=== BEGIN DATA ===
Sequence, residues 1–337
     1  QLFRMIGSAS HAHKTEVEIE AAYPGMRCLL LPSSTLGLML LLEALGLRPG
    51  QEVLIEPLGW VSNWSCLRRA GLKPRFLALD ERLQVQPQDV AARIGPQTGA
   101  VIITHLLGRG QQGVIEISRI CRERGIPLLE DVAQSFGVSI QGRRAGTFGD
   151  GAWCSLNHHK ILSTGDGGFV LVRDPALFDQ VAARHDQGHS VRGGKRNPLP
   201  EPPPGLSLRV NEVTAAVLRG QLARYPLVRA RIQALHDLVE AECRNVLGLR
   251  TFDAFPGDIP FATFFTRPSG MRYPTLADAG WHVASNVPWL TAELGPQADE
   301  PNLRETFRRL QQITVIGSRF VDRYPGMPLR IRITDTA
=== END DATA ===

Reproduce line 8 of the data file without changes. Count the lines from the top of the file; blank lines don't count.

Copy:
   301  PNLRETFRRL QQITVIGSRF VDRYPGMPLR IRITDTA